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Grand Bohemian hotel project in St. Petersburg could face loan default

ST. PETERSBURG — Downtown's long delayed Grand Bohemian hotel project stumbled again this week when city officials announced the developer could no longer honor the terms of its $1.5 million loan.

But unlike in the past, when the city has accommodated numerous requests for delays and changes, city officials took a hard stance: City Council agreed to advise Kessler Enterprise of Orlando that it must comply or its loan would be in default.

The city provided the line of credit in 2004 on the promise that the luxury chain would build a 4-star hotel tower on First Avenue N between Second and Third streets. The prime downtown lot remains vacant.

City officials said the default notice might enable the developer to obtain a loan from another creditor and use that money to continue payments to the city.

The default notice should not kill the project, city officials assured council members during the public meeting.

"They have a lot of investment in making this property ready to go," said Bruce Grimes, the city's real estate director. "I don't think our action will stop them from moving forward."

However, the default also won't guarantee the city a return on its loan, city attorney John Wolfe stressed.

The original loan called for Kessler to pay the city in 36 monthly installments of $6,250 starting in September 2007. The rest of the loan and interest would be paid off starting in September 2010 with monthly payments of $9,899 over 20 years. Kessler also had to maintain a letter of credit with a private creditor to ensure the city would receive the payments.

Kessler had been making steady payments, but advised the city last month it could not renew its current letter of credit when it expires at the end of the year. Kessler offered to keep making payments without the letter of credit.

"This is the best alternative that we can propose in the current financial environment," wrote Day Dantzler, Kessler's chief financial officer, in an October letter to the city. "We remain committed to the project and look forward to commencing construction once the financial and demand markets rebound."

City officials also discovered Kessler had gotten itself into more debt after it mortgaged the property as security for $6 million. Kessler did not tell the city of the mortgage, which prevents the city from substituting the loan with a mortgage on the property.

Mayor Rick Baker, who has fiercely advocated for the project, remained optimistic about the hotel.

"I'm hopeful that someday it will still happen," he said. "The good part of this is at some point the economy will turn."

The Grand Bohemian project has a long, troubled history.

The City Council agreed to sell the prime downtown parcel formerly occupied by the Florida International Museum to Progress Energy for $5 million in 2004. As part of the deal, developers promised a Grand Bohemian would open along the eastern corner of the site in August 2007. Progress Energy was awarded the bid even though three other companies offered to pay more.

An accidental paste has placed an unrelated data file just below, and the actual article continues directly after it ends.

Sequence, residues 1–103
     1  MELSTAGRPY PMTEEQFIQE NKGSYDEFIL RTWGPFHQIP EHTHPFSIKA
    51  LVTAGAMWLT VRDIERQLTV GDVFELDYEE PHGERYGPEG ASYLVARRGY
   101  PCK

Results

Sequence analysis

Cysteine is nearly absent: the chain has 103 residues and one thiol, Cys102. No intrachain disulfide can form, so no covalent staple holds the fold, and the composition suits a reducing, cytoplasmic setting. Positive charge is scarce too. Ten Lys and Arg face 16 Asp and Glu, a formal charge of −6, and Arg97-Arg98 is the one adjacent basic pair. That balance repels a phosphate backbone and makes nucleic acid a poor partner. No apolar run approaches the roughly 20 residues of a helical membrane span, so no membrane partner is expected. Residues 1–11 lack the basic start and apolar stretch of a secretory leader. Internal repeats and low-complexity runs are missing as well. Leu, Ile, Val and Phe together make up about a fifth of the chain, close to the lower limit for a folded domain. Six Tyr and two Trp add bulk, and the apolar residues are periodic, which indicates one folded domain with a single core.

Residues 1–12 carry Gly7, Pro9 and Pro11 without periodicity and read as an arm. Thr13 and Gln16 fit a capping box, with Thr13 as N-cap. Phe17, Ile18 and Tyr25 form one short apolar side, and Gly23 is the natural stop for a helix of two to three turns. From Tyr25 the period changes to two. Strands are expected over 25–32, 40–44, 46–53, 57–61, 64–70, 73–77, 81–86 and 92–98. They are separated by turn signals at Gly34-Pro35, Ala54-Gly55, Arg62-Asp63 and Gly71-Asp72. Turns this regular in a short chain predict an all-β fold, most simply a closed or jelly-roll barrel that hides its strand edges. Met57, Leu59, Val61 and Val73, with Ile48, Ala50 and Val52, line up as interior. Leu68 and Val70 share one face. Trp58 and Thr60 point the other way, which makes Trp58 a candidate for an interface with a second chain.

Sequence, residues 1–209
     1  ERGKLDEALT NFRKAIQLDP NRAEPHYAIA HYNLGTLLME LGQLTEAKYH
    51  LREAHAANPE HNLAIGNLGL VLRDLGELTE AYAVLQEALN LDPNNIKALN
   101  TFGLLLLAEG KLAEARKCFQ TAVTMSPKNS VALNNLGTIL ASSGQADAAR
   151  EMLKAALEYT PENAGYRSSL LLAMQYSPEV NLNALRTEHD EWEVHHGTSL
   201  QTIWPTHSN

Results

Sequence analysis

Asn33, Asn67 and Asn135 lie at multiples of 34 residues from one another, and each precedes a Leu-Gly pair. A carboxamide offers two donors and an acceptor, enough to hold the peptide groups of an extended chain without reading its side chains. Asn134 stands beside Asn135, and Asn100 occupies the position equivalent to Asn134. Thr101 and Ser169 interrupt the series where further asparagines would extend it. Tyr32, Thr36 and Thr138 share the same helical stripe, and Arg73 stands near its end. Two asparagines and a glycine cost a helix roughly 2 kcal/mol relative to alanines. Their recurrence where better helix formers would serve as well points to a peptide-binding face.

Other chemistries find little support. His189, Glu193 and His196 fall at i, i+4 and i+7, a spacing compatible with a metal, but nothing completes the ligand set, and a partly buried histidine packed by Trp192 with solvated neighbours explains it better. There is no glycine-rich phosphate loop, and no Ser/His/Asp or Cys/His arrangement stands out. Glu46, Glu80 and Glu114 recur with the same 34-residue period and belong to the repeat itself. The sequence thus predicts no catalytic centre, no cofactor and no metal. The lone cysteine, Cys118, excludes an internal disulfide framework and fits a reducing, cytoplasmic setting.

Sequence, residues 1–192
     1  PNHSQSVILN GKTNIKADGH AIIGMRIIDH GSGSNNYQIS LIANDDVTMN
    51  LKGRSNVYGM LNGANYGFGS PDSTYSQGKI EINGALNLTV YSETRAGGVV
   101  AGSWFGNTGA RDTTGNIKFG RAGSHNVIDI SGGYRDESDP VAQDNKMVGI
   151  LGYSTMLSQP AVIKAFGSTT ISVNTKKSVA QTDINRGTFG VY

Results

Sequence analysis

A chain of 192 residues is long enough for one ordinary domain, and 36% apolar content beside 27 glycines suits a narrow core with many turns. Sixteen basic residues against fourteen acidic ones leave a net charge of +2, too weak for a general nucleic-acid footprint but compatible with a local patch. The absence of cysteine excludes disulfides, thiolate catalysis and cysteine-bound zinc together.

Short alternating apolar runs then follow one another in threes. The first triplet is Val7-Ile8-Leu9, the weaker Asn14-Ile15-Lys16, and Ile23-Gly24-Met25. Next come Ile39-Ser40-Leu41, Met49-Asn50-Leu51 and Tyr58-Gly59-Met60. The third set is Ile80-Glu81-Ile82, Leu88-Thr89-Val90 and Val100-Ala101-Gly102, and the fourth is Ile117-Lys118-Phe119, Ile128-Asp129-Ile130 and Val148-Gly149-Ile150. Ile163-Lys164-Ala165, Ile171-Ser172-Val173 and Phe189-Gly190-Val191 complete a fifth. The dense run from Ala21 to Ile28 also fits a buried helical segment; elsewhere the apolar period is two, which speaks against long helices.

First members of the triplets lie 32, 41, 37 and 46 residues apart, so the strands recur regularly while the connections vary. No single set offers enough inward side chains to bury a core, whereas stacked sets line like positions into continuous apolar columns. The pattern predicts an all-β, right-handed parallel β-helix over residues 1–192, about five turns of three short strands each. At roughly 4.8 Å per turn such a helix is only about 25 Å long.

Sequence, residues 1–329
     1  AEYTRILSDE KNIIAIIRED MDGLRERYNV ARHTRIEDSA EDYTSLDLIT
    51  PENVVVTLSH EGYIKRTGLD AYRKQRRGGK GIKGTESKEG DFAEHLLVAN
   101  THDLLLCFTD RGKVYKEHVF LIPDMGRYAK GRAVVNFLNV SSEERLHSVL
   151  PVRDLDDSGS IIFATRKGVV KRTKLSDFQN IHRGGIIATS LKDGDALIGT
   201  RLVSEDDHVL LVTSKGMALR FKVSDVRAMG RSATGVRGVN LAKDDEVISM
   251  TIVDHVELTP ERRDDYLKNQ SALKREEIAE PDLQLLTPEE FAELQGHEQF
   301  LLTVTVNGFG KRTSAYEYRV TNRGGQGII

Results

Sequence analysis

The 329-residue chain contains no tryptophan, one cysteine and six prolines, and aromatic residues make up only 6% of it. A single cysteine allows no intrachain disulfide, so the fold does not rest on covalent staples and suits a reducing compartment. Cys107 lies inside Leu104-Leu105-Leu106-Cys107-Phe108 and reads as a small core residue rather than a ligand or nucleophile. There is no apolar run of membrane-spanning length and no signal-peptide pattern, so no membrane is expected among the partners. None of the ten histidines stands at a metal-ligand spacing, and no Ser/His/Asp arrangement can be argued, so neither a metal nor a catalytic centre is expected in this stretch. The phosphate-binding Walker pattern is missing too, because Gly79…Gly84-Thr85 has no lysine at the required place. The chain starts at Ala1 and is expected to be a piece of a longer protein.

Kessler Enterprises promised a luxury hotel tower, complete with an extensive art gallery, an elite Bosendorfer piano bar, an upscale Boheme restaurant, a spa and 62 condos ranging from the $700,000s to more than $2 million.

The project never took off.

Earlier this year, after council members complained about the unsightly, vacant lot, Kessler hired workers to plant shrubbery and oak and palm trees along the lot's borders. Kessler also removed several torn signs advertising the proposed hotel and repaired the fence.

Still, council member Wengay Newton questioned the developer's commitment Monday.

"There is nothing to stop them from walking off and leaving us with what we have now, a lot with trees around it," he said.

Cristina Silva can be reached at (727) 893-8846 or csilva@sptimes.com.

Time line

A look back on the Grand Bohemian project

October 2004: The City Council agrees to sell a prime downtown parcel formerly occupied by the Florida International Museum to Progress Energy for $5 million. As part of the deal, developers promise to build a luxury hotel along the eastern corner of the site in August 2007.

December 2004: Progress Energy and its development partner, Kessler Enterprise, agree to pay the city $3.5 million at closing for the property. They agree to pay the remaining $1.5 million through a six-year loan with a 5 percent interest rate.

May 2005: Orlando hotel developer Richard Kessler presents his design for the Grand Bohemian hotel complex, a 205-room luxury hotel topped with 82 condos ranging from the $700,000s to more than $2 million.

July 2006: Kessler modifies development plans for the 28-story tower to include 260 hotel rooms, an increase of 50 percent, and nearly twice as much event and meeting space. The number of residential condos, priced from $500,000 to $5 million for penthouse suites, is cut from 82 to 52.

August 2007: Kessler wires $1.8 million to City Hall to complete the purchase of the half-block next to the new Progress Energy headquarters. The company vows to start construction by December 2007.

December 2007: Kessler reduces number of condos from 52 to 22.

August 2008: Kessler tells City Hall the project will no longer include condominiums. A grand opening is pushed back to early 2010.

February 2009: Kessler Enterprise tells City Hall it can't meet its April 30 deadline to start construction and asks to push back the groundbreaking to September 2012.

November 2009: City Council agrees to send Kessler a notice advising the developer that it has to comply with the terms of the city's loan or it will be in default.

Grand Bohemian hotel project in St. Petersburg could face loan default 11/17/09 [Last modified: Monday, November 7, 2011 5:08pm]

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